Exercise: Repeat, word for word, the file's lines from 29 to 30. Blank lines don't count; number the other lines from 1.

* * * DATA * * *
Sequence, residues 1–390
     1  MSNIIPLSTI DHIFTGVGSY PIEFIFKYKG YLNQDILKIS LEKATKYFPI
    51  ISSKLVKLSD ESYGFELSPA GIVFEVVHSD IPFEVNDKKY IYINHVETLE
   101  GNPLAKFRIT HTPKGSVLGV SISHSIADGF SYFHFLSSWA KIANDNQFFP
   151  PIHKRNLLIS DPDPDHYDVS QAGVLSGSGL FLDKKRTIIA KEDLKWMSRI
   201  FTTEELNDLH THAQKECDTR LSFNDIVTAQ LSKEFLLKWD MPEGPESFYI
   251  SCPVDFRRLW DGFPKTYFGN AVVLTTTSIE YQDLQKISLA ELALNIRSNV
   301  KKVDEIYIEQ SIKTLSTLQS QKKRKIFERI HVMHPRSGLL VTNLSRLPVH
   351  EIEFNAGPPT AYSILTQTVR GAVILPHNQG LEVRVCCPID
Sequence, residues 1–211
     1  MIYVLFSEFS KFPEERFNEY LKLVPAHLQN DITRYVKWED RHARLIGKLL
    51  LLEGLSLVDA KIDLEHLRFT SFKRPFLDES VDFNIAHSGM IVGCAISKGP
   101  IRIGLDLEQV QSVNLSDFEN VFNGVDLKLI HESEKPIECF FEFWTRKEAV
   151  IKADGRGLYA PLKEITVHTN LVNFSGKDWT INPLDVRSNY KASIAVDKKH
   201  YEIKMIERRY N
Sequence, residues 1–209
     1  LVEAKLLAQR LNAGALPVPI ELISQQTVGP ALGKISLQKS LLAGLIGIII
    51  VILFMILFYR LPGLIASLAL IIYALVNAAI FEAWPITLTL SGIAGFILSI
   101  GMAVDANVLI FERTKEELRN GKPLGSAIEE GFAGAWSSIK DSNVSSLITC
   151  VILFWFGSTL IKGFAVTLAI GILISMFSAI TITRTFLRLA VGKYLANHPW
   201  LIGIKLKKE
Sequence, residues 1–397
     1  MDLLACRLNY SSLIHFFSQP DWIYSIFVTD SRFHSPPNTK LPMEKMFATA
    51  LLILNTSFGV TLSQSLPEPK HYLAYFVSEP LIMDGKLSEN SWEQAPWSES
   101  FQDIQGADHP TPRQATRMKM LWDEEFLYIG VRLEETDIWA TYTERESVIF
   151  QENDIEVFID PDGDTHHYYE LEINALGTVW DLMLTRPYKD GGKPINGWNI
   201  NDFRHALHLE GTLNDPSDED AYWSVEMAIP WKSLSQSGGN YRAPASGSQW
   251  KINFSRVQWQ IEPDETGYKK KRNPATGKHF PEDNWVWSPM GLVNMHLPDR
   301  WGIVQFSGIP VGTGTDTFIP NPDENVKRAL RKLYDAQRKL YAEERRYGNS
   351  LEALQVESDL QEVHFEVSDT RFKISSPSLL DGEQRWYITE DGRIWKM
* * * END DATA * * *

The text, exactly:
   301  WGIVQFSGIP VGTGTDTFIP NPDENVKRAL RKLYDAQRKL YAEERRYGNS
   351  LEALQVESDL QEVHFEVSDT RFKISSPSLL DGEQRWYITE DGRIWKM